Monday, May 27, 2013
1.You can train most students to collect information. However, you need to speak with them on how to go about doing the research. I often find that I fail to give insufficient guidance.
2. Not all students are good at analyzing and synthesizing information. I try to hire students who are in the middle of the class or higher. At least for my projects, the ability to synthesize does not correlate with classroom grades. If a student cannot analyze or synthesize adequately, I assign him or her more work on collecting information for future projects. Sometimes students turn in work that is too superficial. The solution is to show them good work samples so they see the level of analysis that you want.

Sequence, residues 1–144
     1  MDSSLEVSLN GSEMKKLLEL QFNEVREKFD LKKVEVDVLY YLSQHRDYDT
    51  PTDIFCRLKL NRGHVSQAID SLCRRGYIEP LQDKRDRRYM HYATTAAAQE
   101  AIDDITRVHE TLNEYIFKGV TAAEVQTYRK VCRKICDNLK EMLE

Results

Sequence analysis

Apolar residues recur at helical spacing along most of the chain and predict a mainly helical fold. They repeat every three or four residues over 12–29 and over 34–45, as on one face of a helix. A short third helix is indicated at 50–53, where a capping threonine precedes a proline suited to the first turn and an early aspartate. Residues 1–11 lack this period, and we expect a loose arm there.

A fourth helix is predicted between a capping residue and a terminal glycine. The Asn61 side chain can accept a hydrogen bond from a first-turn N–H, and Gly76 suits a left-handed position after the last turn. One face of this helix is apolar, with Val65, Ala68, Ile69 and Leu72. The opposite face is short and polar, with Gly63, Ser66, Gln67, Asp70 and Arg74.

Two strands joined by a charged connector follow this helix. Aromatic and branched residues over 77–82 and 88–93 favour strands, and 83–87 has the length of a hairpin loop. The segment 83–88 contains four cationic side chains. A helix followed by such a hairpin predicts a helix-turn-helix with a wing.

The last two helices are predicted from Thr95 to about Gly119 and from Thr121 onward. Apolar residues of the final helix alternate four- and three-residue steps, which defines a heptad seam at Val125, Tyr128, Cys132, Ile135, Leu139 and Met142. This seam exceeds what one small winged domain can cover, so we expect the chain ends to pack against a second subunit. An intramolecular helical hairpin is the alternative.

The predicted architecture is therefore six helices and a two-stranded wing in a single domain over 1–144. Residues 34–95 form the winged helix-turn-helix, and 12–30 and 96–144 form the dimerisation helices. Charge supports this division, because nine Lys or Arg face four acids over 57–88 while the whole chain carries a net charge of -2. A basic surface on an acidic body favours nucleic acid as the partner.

3. The best students are the ones that tell me that my project or methodology needs an overhaul. Students who can offer me a better approach to my work are exciting co-workers. I am never able to determine in advance which students can make this contribution.
4.In selecting students, I do not take risks. I want students who seem to have a work ethic and no emotional quirks or problems. I am happy to work with troubled or difficult students in other ways, but I need research assistants who will produce and will be easy to work with.